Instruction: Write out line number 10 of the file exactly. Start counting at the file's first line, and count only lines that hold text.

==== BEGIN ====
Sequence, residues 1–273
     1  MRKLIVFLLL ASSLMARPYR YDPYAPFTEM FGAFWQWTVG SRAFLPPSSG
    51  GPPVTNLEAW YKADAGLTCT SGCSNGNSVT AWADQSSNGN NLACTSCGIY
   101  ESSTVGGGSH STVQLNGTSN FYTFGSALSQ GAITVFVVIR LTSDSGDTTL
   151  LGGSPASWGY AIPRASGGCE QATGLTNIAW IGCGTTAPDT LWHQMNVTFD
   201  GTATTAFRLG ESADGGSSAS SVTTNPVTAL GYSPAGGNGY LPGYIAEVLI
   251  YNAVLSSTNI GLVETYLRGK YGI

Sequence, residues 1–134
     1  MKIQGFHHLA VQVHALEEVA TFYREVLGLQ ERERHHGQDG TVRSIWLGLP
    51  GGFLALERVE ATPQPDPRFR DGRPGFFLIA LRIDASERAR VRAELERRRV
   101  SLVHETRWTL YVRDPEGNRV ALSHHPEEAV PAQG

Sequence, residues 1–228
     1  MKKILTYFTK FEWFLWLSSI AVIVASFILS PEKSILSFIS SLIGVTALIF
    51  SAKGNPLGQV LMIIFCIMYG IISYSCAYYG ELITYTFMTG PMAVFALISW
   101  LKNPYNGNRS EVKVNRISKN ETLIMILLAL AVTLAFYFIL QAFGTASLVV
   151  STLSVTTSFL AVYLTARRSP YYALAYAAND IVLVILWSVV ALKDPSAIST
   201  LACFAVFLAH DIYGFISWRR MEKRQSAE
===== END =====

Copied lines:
    51  GGFLALERVE ATPQPDPRFR DGRPGFFLIA LRIDASERAR VRAELERRRV